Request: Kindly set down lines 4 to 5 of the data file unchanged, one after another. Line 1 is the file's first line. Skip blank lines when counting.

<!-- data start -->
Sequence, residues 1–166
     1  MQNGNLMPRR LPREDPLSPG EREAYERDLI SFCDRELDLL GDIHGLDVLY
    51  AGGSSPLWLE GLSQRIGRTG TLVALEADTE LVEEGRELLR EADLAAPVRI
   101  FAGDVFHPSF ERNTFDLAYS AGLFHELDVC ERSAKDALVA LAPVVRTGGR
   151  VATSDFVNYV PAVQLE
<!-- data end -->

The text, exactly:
   101  FAGDVFHPSF ERNTFDLAYS AGLFHELDVC ERSAKDALVA LAPVVRTGGR
   151  VATSDFVNYV PAVQLE